I have never been very good at deciding in advance what I want to eat. My youth was dogged by the same question every morning upon setting off for school.

“What do you want to eat today?” while I was reaching for the door.

“I don’t know” I would answer with annoyance in my voice and a shrug of the shoulders. Between 14 and 18, my last concern in life was food. The same question would be posed to my father who probably cooperated a lot more than I, given his love for all things edible. My sister, seven years my junior, didn’t earn meal question privileges until my father left home and I set out for college. Yes, it sucks being the youngest.

It wasn’t until decades later that I came to understand my mother’s predicament: the poor soul made lunch and dinner for a family of four every single friggin’ day, vacations, some evenings out and some Sundays excluded. If you have to cook two meals a day for most of your grown-up life, I am not surprised she needed ideas or at least a hint of what her crowd might favour on any given day.

The family would gather around the dining room table at 1:30, when I got home from school and then again at 8:00 pm for dinner and two courses were invariably served – a pasta dish or soup followed by a meat/fish dish with vegetables. Every day. Twice a day.  Frankly, with nary a help from Martha Stewart, I am not sure how she pulled it out of her hat. Sometimes new recipes would wind their ways into her repertoire, compliments of a friend or of some relative whose dishes she had tasted. All of us had our favourites and our dislikes – god, how I hated ossobuco, liver or, ghastly horror !, tongue…Tortellini, noodles with meat ragout, chicken cacciatore, duck a l’orange, rabbits with black olives were among my favourites and it took me a long time to realize that not everybody ate that way. At 13, I started craving fish fingers, tasted at a friend’s house and forever more banned at mine.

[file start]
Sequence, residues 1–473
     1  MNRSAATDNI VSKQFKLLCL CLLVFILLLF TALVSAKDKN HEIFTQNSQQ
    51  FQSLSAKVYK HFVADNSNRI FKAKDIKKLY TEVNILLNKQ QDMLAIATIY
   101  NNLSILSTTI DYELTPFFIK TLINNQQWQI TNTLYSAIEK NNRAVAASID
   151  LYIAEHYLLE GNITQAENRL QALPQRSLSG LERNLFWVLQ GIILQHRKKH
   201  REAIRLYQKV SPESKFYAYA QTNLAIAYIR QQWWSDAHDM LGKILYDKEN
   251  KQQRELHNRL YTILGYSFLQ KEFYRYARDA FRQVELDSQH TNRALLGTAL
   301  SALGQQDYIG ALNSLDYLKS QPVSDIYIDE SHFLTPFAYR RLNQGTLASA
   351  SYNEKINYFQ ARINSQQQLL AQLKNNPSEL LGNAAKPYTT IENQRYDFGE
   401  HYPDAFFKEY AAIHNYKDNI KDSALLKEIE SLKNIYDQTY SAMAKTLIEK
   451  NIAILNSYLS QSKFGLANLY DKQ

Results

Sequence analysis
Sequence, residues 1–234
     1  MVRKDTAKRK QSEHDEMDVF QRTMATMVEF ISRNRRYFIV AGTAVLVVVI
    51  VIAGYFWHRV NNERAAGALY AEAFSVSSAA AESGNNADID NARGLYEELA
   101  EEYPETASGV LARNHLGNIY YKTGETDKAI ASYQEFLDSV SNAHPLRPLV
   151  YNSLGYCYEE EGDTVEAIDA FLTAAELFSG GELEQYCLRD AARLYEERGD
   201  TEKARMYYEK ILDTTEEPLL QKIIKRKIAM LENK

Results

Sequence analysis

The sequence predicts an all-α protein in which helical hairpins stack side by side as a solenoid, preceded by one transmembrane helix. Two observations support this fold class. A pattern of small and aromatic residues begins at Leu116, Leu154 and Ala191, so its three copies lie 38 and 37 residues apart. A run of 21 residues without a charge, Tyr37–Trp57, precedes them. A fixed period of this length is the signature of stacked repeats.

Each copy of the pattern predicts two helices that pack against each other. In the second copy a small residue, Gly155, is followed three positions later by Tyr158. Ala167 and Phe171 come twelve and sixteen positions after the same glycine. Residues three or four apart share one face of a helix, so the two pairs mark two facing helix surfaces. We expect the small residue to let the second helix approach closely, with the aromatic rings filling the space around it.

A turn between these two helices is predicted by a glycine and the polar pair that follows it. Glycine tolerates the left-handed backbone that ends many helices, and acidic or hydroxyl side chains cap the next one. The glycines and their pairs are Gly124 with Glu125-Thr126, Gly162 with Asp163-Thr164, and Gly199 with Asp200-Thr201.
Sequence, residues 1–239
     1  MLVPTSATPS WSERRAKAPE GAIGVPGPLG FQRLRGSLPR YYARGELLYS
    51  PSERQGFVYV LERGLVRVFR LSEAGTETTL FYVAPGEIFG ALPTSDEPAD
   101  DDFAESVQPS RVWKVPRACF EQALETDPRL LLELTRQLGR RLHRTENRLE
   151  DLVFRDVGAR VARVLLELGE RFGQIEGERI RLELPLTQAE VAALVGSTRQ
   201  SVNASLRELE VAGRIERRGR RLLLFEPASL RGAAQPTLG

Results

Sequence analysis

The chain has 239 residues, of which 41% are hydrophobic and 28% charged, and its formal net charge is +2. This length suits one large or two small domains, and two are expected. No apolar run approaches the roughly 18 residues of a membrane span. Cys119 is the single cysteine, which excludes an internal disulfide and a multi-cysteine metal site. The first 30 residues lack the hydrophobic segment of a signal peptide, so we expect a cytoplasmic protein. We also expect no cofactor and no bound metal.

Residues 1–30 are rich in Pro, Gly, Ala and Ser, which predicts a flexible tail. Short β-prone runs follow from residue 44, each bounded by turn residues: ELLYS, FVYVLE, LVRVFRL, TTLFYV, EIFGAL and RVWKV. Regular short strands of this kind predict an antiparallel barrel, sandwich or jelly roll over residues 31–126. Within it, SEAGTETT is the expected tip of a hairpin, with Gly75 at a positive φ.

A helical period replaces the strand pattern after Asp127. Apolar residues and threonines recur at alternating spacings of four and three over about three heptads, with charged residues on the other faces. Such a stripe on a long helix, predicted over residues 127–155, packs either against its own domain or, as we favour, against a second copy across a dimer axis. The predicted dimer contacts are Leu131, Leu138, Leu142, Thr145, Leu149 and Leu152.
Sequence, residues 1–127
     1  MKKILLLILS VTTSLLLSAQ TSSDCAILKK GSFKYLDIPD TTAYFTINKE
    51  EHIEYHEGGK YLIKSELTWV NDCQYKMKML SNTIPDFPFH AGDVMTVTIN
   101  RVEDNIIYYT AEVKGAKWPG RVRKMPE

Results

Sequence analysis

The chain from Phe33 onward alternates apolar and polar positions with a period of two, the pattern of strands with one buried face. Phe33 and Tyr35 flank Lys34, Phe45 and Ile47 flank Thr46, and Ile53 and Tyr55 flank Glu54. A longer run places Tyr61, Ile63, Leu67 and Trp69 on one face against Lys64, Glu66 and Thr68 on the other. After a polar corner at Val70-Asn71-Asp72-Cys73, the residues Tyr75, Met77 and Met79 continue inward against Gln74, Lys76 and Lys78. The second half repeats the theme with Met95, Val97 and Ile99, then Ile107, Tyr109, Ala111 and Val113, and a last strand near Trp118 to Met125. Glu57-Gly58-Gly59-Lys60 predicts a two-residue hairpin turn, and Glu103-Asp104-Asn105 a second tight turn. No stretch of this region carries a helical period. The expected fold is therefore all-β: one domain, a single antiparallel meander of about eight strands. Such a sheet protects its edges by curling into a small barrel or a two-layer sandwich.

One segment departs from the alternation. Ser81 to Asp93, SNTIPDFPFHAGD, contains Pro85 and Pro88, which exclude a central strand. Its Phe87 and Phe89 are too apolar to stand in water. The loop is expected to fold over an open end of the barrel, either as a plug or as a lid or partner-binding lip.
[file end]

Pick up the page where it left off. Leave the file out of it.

No wonder breakfast was totally ignored. I would wake up before everybody else, shower and sneak into the yellow kitchen to make myself a large cup of milk with a shot of espresso which I would down sitting at the kitchen table, all by myself, munching on a Buondi (a sort of Italian brioche dotted with sugar) or a piece of toast with jam. When I was old enough to have some pocket-money, breakfast morphed into a pit-stop at a coffee shop where a cappuccino and a croissant would be consumed standing at the counter.

Now, this started as a post about the mushroom lasagna I was craving and made last night and I am not sure how it ended up down memory lane. For the actual recipe and the pics, you will have to wait until tomorrw. Leftovers are calling me.

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PASTA E FAGIOLI – Bean Soup with Pasta

Even better the day after

It’s soup time again. Well, the temperatures in Los Angeles have dipped into the ‘50s and such occurrence calls for pots of soups. The older I get or, maybe, the longer I stay away from Italy, I find myself craving the staples of my childhood, just like the way my mother made them. Pasta e Fagioli would be served once every couple of weeks at my house, over the winter, and, to my young palate, my mom’s handmade and roughly cut pasta, was the best part. Forget the beans. How palates change!

My mother always used a bean variety called “borlotti”, closely related to cranberry beans but, scanning the aisles of my very well stocked supermarket, I couldn’t find cranberry beans and I settled for pinto beans that also work well. I like my bean soup extremely thick, more of a puree really, with the surprise of chewy pasta in between the folds.

This is my mother’s recipe – I made it this morning from memory and then I called her to verify the different steps. Dried beans require the overnight soaking and the long cooking times but they are more flavorful than canned ones. In a pinch, though, don’t feel bad about reaching for a can.

RECIPE – Serves 4

1/2 pound dried cranberry or pinto beans, soaked for at least 12 hours

1 C canned tomatoes

1 clove of garlic, minced

2 T parsley, chopped

olive oil as needed

salt and pepper

sprinkle of Parmesan

1/2 onion, 1 stalk of celery and one bay leaf

1/2 pound short pasta

  1. Rinse the soaked beans, put them in a pot with the onion, celery stalk and bay leaf. Cover with cold water and cook for about 90 minutes or until the beans are tender. Drain, reserving the cooking liquid.
  2. Heat a couple of tablespoons of olive oil in a soup pot and, when very hot, add the garlic and parsley and cook for a couple of minutes. Add the tomatoes and let cook on low for a while, until thickened, about 15/20 minutes.
  3. Add the beans and a couple of cups of the reserved cooking liquid, salt and pepper. Cook on medium heat until heated through and, using an immersion blender, puree most of the beans. If the soup is too thick, add more of the bean cooking liquid.
  4. Separately, cook the pasta in boiling water until al dente. Drain and drop it in the bean soup.
  5. Ladle it in the bowls immediately and sprinkle with Parmesan.

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ADVENTURES IN LALA LAND – THE MARKET AT SANTA MONICA PLACE